Traditionally speaking Ambulatory Surgical Centers or ASCs were units where surgeries which do not need hospital admission were performed. These units were used to treat patients who had already seen a healthcare provider and selected surgery as the appropriate treatment for their condition.
In a quest to achieve surging revenues year after year, many ASCs are considering the option of adding Spine Surgery to the list of services they offer due to the profitability it brings along. Surgery centers already involved in orthopedics can hugely benefit from this particular specialty because of the prior availability of much of the equipment specific for this kind of surgery.
This is going to ease things for patients traveling long distances to see a physician and be more cost-effective for cash-pay patients.
There are crucial aspects that you must consider before you decide to provide a spine surgery facility at an ASC:
To be equipped enough to take on Spine Surgery cases at your ASC; you need to have the equipment for it. Surgeons at your center may be used to working with instruments that are more suited to be at hospitals where higher levels of care is provided to the patients. In such cases, you need to be a part of an open discussion with the team of surgeons about the equipment you need and the budget allocated for it. After talking it out with your surgeon you will have a better idea as to what equipment needs to be purchased afresh and what already existing inventory can be put to uses and in what cases.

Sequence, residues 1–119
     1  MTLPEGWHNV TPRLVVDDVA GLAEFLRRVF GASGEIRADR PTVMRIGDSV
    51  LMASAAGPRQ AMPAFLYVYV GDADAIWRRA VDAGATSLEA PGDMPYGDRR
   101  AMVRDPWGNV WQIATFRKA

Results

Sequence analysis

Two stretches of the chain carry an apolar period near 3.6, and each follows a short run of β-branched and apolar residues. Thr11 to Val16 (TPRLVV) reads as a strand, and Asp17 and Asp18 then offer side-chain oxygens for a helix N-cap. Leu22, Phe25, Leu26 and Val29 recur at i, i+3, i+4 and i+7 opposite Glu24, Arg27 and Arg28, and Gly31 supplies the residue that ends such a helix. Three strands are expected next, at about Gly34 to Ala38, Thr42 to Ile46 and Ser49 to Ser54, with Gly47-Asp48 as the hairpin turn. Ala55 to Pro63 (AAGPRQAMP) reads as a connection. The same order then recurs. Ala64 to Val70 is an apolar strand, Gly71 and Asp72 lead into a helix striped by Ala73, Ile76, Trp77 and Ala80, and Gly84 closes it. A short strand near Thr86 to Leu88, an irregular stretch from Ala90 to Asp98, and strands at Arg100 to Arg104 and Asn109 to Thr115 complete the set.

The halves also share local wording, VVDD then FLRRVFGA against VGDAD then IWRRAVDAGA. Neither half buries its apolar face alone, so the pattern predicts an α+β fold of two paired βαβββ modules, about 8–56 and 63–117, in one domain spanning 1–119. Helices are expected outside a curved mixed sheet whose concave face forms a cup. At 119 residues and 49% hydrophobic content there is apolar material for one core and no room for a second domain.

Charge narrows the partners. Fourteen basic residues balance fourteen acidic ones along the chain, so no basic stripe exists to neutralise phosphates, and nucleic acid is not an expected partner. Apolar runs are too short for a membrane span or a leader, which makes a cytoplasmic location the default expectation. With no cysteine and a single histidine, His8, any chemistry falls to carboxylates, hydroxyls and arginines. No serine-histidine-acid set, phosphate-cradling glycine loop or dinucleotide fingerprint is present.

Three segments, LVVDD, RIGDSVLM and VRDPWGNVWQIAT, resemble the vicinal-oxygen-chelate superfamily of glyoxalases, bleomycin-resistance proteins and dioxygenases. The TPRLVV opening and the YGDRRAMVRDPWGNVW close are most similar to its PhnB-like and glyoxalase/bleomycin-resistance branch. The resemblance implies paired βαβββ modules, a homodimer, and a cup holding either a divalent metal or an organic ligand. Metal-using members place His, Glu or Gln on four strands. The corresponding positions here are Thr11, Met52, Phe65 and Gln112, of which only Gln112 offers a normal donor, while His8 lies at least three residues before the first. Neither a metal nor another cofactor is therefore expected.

Considering the fact that the introduction of Spine Surgeries at ASCs is a fairly new development, a marketing campaign driven by patient education about its need to capture your local market. There is a need that patients come into a comfort zone about receiving care in an ASC followed by a shorter length of stay than what is expected at a hospital. A surgeon can host seminars to educate people about the surgery center and the Spine surgery services that you are to offer along with the safety procedures in place to guard the patients.
A peculiar requirement for the success of Spine surgeries in outpatient facilities is the use of different types of anesthetic blocks than which are used for other surgeries. The role of your anesthesiologist is to be comfortable with techniques the surgeon might request.
Outpatient facilities have a pre-approved procedure list that needs to be amended when new procedures are added. This requires the administrator to recommend to the medical advisory committee and a governing board that these procedures be added to the procedure list on behalf of the spine team and to seek approval for the change. An approval guarantees compliance with accrediting bodies and CMS.
Often centers have to face a lot of competition with local area facilities, and introducing this kind of procedure can make you stand out in front of insurers in the marketplace. As a rule, the payment is supposed to be secured prior to performing procedures in these centers. Most commonly ASCs get so trapped in focusing on the clinical performance that they end up overlooking reimbursements for these cases.
ASC billing is a complicated procedure based on each step of approval and billing. Data representation and proper education can help you effectively negotiate optimum case rates with the provider. Administrators also need to work with payers and surgeons to make implant costs as affordable as possible instead of a huge expense to be incurred by the ASC concerned. Determining your payer mix needs to be part of your financial strategy.